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Why does the FCC want Apple and Google to take TikTok off their app stores?

The Federal Communications Commission commissioner is urging the heads of Apple and Alphabet to remove Chinese-owned TikTok from their app stores.

FCC wants Apple and Google to boot TikTok off their app stores

Brendan Carr, the Federal Communications Commission commissioner, sent a letter to the chief executives of Apple and Alphabet, parent company of Google, calling on them to boot TikTok from their app stores. In his letter Carr warns that “an alarming new report shed fresh light on the serious national security threats posed by TikTok.”

“TikTok is owned by Beijing-based ByteDance-an organization that is beholden to the Communist Party of China,” the FCC commissioner said. “And is required to by Chinese law to comply with PRC’s surveillance demands.”

Also see:

TikTok knows engineers in China have access to US data says report

The report that Carr cites was published by BuzzFeed detailing how ByteDance engineers in China can see “everything”. The claims are based on leaked recordings of internal TikTok meetings. In audios employees discuss on several occasions US TikTok users nonpublic data was accessed by China-based employees of ByteDance.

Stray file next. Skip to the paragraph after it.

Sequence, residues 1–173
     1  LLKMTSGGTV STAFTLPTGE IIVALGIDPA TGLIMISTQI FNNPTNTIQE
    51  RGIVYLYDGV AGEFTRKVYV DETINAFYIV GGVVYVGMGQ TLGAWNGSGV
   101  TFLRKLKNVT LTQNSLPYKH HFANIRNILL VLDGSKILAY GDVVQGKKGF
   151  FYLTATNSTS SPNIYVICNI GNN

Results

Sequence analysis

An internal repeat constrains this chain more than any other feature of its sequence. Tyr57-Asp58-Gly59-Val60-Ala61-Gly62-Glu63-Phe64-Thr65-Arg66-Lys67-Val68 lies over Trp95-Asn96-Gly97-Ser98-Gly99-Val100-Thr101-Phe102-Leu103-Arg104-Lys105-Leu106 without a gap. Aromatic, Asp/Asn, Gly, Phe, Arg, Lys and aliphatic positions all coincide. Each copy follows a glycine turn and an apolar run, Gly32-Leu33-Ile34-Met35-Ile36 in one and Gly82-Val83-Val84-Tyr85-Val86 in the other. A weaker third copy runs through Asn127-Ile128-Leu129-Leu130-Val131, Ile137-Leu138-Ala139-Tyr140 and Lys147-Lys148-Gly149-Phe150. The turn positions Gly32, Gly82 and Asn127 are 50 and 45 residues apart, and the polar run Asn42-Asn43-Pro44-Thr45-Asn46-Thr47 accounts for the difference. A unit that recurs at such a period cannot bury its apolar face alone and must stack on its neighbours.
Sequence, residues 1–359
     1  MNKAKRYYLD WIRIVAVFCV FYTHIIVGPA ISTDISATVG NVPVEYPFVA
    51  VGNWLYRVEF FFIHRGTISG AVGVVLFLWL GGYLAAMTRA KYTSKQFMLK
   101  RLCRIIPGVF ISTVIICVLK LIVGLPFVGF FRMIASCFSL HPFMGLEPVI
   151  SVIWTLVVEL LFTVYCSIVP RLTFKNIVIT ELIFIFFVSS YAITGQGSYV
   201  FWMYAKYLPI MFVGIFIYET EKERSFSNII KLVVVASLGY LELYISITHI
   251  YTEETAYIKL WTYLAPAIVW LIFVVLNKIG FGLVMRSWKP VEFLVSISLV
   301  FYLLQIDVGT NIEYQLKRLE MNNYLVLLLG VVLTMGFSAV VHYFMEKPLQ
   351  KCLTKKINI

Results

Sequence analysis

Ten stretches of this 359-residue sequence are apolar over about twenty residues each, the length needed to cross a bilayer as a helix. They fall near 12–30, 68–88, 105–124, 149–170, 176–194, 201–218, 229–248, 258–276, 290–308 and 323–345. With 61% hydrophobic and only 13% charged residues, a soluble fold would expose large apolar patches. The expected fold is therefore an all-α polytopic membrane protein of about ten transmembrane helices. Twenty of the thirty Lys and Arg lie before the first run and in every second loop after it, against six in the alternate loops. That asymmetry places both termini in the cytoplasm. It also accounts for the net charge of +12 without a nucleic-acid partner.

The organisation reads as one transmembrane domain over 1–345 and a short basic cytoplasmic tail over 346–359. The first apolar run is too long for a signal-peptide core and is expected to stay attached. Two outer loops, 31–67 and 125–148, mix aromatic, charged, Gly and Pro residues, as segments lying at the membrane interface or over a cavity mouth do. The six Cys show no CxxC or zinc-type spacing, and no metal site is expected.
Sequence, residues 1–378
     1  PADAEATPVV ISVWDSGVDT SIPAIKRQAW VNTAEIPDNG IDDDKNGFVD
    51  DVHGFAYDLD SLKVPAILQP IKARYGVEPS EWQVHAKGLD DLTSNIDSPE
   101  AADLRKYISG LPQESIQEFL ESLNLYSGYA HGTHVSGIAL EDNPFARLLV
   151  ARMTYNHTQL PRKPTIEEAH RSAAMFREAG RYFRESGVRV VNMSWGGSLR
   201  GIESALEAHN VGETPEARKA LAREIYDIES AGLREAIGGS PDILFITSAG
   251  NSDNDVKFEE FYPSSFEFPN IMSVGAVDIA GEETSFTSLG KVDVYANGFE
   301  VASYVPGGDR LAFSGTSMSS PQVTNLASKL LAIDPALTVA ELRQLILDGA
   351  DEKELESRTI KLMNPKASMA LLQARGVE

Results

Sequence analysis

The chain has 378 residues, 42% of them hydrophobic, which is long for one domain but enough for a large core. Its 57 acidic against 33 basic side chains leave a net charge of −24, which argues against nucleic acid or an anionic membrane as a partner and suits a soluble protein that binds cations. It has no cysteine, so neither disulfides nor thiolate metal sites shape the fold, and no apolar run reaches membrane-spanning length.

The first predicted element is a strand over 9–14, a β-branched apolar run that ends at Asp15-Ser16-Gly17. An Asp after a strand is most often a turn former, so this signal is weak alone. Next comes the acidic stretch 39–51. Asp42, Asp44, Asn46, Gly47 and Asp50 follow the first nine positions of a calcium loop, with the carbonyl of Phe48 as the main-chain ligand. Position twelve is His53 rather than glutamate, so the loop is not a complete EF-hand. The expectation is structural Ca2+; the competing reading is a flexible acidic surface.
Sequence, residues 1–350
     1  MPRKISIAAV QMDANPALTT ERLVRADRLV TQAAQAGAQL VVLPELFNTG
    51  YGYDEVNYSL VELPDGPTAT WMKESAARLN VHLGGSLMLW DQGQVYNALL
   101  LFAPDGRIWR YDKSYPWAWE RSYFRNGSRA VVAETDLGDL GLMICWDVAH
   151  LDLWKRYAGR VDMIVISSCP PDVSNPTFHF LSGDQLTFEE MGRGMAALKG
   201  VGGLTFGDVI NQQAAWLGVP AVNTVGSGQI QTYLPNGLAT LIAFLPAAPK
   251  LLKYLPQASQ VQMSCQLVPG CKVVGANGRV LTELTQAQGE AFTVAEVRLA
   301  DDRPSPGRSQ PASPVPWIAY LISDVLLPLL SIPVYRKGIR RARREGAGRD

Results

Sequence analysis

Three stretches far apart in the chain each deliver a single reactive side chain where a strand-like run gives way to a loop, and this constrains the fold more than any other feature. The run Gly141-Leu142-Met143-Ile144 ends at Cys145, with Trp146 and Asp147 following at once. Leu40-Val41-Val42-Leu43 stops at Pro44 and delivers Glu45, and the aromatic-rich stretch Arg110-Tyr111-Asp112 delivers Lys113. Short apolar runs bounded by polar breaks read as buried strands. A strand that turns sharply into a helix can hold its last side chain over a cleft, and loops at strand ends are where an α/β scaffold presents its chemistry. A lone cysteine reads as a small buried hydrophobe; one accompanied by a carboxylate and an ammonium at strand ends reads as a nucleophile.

“TikTok is not just another video app. That’s the sheep’s clothing,” Carr posted on Twitter with details of the letter he sent. “It harvests swaths of sensitive data that new reports show are being accessed in Beijing.”

According to BuzzFeed the tapes indicate that US data has been accessed far more frequently and recently than previously disclosed including in sworn testimony to lawmakers in Congress. In a statement, TikTok said that it has “has engineering teams around the world,” including in China, which can be granted access to US user data on “an as-needed basis” under “strict controls.”

TikTok is separating US operations from China

Fears about China gaining access to sensitive user data through TikTok is nothing new. Former President Trump threatened to ban the video-sharing social media app unless it was sold to a US-based company. However, those deals fell through but another workaround was found.

TikTok is in the process of separating its US operations from those of its parent company in Beijing after coming under US regulatory scrutiny over its gathering of US personal data. In 2020, ByteDance was ordered to divest TikTok by the Committee on Foreign Investment in the United States (CFIUS).

The federal government inter-agency committee which reviews deals by foreign investors for potential national security risks is worried that US user data could be passed on to China’s communist government. In order allay those fears TikTok has migrated US user information as part of Project Texas and now “100% of US user traffic is being routed to Oracle Cloud Infrastructure.”

As for Carr’s letter to Apple and Alphabet it is a bit strange as his agency doesn’t have clear regulatory jurisdiction over the content of app stores. The FCC grants licenses to companies for communications by radio, television, wire, satellite, and cable .


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